Brits Decry Reckless Rush to Drill in Arctic Waters
House of Commons Calls for Moratorium Until Stronger Safeguards Are in Place
Washington, DC — A cross-party committee of the British Parliament urges halting offshore oil and gas drilling in the Arctic until stronger safeguards are secured, according to documents posted today by Public Employees for Environmental Responsibility (PEER). This consensus among British lawmakers that reliable spill prevention, response and recovery capacity does not yet exist in the frigid Arctic seas stands in stark contrast to the unrestrained pressure from their American counterparts to drill now, regardless of consequences.
The House of Commons Environmental Audit Committee released its report “Protecting the Arctic” today. The Committee took testimony from oil companies, government officials, experts and conservationists. The Committee’s unanimous call for a check on the “reckless gold rush in this pristine wilderness,” in the words of Committee Chair Joan Walley, was premised on findings that –
- Conventional oil spill response techniques have not been proven to work in severe Arctic conditions, a conclusion not disputed by Royal Dutch Shell, the leading contender to begin drilling in Alaska’s Outer Continental Shelf. Shell testified that “We will not be working in ice so testing the [subsea capping] system in those specific conditions will not be useful or practical”;
- There is no infrastructure to mount a big clean-up operation in the Arctic; and
- Rapid development of the Arctic may accelerate already galloping climate change with potentially severe global consequences.
A key witness was Rick Steiner, a retired University of Alaska professor and PEER board member who is an expert in oil spill issues, said that “One of the model worst case scenario releases the U.S. Government ran on the Chukchi Sea was loss of well control in one of the exploratory well heads, spilling about 65,000 barrels a day, eventually coming down to maybe 30,000 barrels a day – there is no way physically or technologically possible to respond effectively to something like that. It’s just beyond the scope of even entertaining.”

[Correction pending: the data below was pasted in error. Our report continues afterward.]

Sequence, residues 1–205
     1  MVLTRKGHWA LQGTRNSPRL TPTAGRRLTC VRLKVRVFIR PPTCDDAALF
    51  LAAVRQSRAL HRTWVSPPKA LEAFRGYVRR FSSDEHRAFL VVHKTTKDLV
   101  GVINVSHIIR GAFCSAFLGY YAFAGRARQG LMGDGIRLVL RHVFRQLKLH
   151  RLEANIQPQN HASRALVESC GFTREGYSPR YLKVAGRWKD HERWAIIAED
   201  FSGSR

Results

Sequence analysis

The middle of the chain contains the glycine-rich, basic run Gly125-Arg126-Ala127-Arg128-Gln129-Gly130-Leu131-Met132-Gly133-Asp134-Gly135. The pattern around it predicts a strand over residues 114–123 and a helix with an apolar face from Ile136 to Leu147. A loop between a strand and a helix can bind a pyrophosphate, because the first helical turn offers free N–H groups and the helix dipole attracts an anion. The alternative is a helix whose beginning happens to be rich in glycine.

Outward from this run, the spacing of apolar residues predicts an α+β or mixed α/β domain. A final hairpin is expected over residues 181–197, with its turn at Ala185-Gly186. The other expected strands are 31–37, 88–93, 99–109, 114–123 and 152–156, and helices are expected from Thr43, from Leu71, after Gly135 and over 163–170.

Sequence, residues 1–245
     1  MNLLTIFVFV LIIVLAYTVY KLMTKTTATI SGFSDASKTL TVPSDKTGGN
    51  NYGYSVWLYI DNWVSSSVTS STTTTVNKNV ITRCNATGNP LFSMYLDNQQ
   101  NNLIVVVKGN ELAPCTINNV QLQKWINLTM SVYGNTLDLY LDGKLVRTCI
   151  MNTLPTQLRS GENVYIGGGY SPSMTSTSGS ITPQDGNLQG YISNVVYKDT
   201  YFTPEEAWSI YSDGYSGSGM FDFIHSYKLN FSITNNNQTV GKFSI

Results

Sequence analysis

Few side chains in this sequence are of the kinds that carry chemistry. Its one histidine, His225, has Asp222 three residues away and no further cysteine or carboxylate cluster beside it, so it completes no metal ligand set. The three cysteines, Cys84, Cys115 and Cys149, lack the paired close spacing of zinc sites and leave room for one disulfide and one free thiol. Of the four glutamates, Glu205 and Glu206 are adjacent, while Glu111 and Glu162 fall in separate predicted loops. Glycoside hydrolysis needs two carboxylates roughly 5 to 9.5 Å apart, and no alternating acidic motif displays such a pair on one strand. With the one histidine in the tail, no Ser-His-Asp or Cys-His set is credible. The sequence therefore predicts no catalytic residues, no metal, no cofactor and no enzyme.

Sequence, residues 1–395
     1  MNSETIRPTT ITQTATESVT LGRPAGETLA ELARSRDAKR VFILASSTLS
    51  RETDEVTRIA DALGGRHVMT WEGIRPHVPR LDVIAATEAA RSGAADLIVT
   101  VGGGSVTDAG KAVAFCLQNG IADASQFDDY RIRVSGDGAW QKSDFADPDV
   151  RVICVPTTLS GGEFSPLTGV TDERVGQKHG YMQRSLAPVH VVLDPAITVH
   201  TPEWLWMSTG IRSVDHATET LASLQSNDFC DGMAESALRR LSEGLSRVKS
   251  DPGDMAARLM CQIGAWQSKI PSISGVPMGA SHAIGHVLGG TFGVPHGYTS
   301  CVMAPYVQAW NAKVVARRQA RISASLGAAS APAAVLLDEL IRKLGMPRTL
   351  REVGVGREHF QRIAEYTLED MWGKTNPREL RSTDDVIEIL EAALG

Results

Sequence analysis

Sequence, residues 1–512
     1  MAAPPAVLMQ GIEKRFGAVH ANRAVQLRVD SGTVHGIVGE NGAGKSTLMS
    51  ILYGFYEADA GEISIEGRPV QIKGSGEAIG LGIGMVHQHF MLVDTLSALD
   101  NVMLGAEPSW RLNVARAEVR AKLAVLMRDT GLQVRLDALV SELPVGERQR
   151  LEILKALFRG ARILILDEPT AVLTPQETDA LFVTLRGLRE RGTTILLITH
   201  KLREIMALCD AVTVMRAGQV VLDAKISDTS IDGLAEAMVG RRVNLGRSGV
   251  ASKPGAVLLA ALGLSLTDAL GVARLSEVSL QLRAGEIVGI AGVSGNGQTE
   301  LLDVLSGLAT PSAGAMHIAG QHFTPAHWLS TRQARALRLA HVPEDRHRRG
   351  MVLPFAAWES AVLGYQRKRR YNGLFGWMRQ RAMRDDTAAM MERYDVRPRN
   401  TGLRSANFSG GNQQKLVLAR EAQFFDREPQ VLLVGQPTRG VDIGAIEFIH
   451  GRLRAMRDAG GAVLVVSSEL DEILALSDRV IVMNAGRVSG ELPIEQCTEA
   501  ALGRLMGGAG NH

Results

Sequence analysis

Underlining his concerns, Prof. Steiner, working with PEER, forced the U.S. government to release documents showing scant and incomplete testing of the critical capping system which Shell meant to deploy in the Chukchi Sea this summer. Among his recommendations adopted by the Committee were –
- Enhanced risk reduction standards for drilling;
- Dramatically increased financial liability for drilling and shipping;
- Establishing Citizens Advisory Councils among all of the Arctic nations;
- Urging the United Nations to convene an Arctic Council under UN auspices which would include non-Arctic nations, as well as the eight Arctic nations;
- Creating an Arctic Offshore Petroleum Institute to act as an industry-to-industry oversight group;
- Demarking Particularly Sensitive Sea Areas for shipping through Arctic waters; and
- Setting aside an Arctic Sanctuary to insulate sensitive areas from industrial development.
“In the Arctic Ocean, the risk of a catastrophic well blowout is enormous. We know what the environmental consequences would be. We know it would probably cause permanent damage in several of the ecosystems. You could not clean it up. You could not respond to it. You cannot restore the damage,” Prof. Steiner said. “We know the risk is so great that every potential risk reduction measure and mitigation measure needs to be put in the system.”
“It is encouraging to see deliberative, dispassionate and non-partisan fact-finding is still possible in a legislative body,” stated PEER Executive Director Jeff Ruch. “We can only hope that our U.S. Congress pays close attention to what their colleagues in the U.K. Parliament are recommending for the Arctic.”